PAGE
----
The GRE is a generalised test that isn’t related to any particular discipline or field. It has been designing to
evaluate skills that you’ve already picked up over the years. This allows a wide range of universities to use it to
benchmark applicants from diverse backgrounds applying to a big mix of degrees.
If you were to look at the overall GRE exam pattern, it has 3 sections: Analytical Writing, Verbal Reasoning and
This section tests your ability to analyse facts, dissect arguments, judge the presented evidence and put forth your views in the most convincing and structured manner.
This section checks your capacity to understand the content author’s perspectives and intentions, prioritise the
points made, and connect the dots across various ideas presented, even if they may not necessarily be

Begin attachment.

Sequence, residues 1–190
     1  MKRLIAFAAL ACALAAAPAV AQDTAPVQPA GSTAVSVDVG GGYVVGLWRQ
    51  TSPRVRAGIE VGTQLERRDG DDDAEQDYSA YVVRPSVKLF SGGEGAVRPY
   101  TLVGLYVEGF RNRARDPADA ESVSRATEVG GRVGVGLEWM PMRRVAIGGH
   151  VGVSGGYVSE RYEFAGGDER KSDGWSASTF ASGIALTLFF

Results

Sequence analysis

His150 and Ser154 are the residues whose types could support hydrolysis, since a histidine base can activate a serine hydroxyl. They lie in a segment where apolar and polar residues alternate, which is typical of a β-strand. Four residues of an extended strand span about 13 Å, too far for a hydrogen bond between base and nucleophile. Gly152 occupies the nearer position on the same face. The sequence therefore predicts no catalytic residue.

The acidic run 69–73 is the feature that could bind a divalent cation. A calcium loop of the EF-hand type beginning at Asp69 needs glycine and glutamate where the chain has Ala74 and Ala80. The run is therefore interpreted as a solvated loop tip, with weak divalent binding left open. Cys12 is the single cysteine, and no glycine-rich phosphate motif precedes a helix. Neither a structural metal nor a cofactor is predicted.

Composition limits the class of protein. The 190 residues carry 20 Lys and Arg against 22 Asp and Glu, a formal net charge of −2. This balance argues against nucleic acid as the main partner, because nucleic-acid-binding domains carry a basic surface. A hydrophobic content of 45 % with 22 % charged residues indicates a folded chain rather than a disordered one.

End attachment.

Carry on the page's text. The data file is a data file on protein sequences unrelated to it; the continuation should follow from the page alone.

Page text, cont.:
documented in a coherent manner. This is the tricky section for non-native English speakers.
This is where you comfort level with numbers and quantitative data is tested. You’ll have to understand the
problem and use models and mathematical formulas (from geometry, algebra, arithmentic) to solve them. The
good news is that you will have access to a calculator. So no complex mental arithmetic to be done.